I really enjoyed the book. It opens your eyes to many of the details that effect the decision making process the gov goes through. The only draw back is a little to much regurgitation of what the media gives us. I expected more in-depth honesty.
It was worth a listen, however if you have been alive and read a newspaper during the course of the last 20 years there is not much new here. If you have not kept up on current events, or weren't around for the Jimmy Carter era it is a very good recap. Uses a lot of insider lingo and abreviations as a substitute for any concrete unique insights. If you are reasonably well informed and are looking for inner sanctum secrets you won't find them here.
Any analysis of a hidden and complex relationship such as that between Al Quaeda and the U.S. is going to have some flaws, and no analysis is going to please everyone. What I find so praiseworthy of the Stratfor analysis is that it strives to be as astute and unbiased as possible. I am sure there are biases, but there certainly is no obvious political intention to those biases.
So, this will disappoint both diehard liberals and conservatives, who will come away unsatisfied: liberals thinking that it defends Bush's actions, conservatives thinking that it demonizes him. It does neither. Instead, it provides much food for thought in the midst of a dangerous situation in a complex world. At the least, it demonstrates that the special interests and flag-waving that characterize the political parties are just superficial issues that have little direct effect upon international politics and terrorism. Instead, the parties utilize their ability to influence votes to gain the White House (and Congress) so that they can employ their own nuance of diplomacy and strongarming.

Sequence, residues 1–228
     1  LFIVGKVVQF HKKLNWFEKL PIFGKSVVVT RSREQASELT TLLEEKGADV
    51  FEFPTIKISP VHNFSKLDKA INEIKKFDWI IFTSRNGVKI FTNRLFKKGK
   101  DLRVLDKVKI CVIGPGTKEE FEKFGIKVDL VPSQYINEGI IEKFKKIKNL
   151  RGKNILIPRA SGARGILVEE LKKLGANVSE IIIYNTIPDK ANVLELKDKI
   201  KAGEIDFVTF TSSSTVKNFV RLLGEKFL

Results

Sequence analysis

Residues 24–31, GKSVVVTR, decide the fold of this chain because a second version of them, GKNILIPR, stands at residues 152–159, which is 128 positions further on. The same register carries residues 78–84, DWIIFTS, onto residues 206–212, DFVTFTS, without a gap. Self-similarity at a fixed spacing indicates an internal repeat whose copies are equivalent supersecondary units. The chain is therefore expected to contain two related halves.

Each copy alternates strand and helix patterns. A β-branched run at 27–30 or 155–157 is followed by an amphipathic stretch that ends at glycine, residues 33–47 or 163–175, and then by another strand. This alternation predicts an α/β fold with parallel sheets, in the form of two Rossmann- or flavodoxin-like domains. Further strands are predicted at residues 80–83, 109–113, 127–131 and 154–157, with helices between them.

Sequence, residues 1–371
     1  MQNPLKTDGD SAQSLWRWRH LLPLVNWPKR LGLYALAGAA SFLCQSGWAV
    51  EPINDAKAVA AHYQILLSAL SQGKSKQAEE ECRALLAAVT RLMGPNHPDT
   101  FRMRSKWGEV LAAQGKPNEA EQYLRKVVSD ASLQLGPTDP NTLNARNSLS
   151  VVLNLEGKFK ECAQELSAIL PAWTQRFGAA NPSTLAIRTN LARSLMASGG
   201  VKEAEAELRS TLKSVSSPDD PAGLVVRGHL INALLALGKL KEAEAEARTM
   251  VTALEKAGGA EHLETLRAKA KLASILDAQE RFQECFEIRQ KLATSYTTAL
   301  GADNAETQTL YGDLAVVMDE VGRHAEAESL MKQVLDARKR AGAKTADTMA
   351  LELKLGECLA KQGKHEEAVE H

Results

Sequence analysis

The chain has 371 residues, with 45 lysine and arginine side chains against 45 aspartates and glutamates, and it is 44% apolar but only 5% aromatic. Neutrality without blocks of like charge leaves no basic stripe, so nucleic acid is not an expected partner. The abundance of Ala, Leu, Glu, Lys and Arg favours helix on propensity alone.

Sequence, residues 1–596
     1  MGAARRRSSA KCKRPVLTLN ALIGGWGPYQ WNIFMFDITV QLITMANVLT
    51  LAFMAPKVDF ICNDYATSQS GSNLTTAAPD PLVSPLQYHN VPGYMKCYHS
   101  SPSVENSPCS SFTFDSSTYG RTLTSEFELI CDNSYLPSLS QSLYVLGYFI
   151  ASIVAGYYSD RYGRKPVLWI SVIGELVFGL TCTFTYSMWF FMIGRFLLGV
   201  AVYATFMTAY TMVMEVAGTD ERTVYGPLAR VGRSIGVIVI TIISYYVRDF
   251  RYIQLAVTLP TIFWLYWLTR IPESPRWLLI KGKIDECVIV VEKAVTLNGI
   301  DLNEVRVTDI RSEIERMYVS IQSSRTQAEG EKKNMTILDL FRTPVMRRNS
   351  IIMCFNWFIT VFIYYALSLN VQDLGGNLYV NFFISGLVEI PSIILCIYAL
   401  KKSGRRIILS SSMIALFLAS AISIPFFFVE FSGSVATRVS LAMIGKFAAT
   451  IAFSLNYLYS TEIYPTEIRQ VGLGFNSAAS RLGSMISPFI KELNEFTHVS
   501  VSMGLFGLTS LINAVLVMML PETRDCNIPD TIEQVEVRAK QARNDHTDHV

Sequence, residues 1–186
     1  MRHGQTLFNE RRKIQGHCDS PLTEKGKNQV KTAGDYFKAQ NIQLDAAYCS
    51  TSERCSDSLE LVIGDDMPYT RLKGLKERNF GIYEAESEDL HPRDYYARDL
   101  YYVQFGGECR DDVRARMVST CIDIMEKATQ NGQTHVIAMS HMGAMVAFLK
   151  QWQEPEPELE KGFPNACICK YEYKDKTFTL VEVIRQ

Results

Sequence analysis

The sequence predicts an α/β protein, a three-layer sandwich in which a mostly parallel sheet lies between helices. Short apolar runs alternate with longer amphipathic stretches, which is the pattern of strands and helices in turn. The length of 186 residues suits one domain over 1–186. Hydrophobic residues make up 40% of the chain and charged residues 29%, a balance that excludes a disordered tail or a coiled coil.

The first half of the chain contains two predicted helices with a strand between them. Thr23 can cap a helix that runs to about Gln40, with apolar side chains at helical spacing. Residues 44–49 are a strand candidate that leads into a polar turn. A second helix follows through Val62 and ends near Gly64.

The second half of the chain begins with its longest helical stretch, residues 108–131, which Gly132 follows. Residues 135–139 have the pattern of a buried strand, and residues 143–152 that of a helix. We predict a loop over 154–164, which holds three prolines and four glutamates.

This book has changed my entire view of Iraq. Perhaps the war was not the only way to deal with the terrorist situation, but the alternative choices were pretty lousy as well.
Unfortunately, this book does not empower the reader (listener) by providing new insight, it only helps to better understand. And it does make one realize how impotent an individual American is.
What a wonderful book!! It does not take sides on the war, just lays out the facts for the reader to absorb. I will have to watch the news even closer now to try and see the backdoor plays that effect the global political scene.
This book is a true insider's look at the "Big (Brother) Picture" of Every Player's view in the NEW WORLD WAR which is blowing up all around us. Although this is a lengthy book it is well worth listening to if you wish to learn the mindset of the U.S., Saudi Arabia, Russia, etc... during our "War On Terror?". I highly recommend this book if for nothing else but to burn a few hours. This is the intelligent person's war primer.
Not bad if you want someone else to think for you. The position of the author is that we are really good but our government intellegence is designed very poorly but we are still winning. This is another attempt to support everything that our government has said and done, even at the cost of the truth. Having said that, it is probably one of the better attempts at explaining the unexplainable, but at the end it is still one more book saying everything we have done is for the benifit of the world and we should be proud. Oh, and by the way don't ask too many questions.
You might want to save your credit for something a bit better.
This book offers many rational, dispassionate insights into the war on terror. Friedman does not go easy on the U.S.'s missteps and dissemblings, but neither does he obsess on them like the disloyal left is wont to do. Instead, he provides a balanced expose on the behind-the-scenes machinations and how the gears of decision-making turn in Washington, the capitals of Europe, and the caves of Afghanistan.
Now, the narration... truly distracting, especially since the narrator pronounced the end of every third or fourth sentence with a comma instead of a period. Amateurish.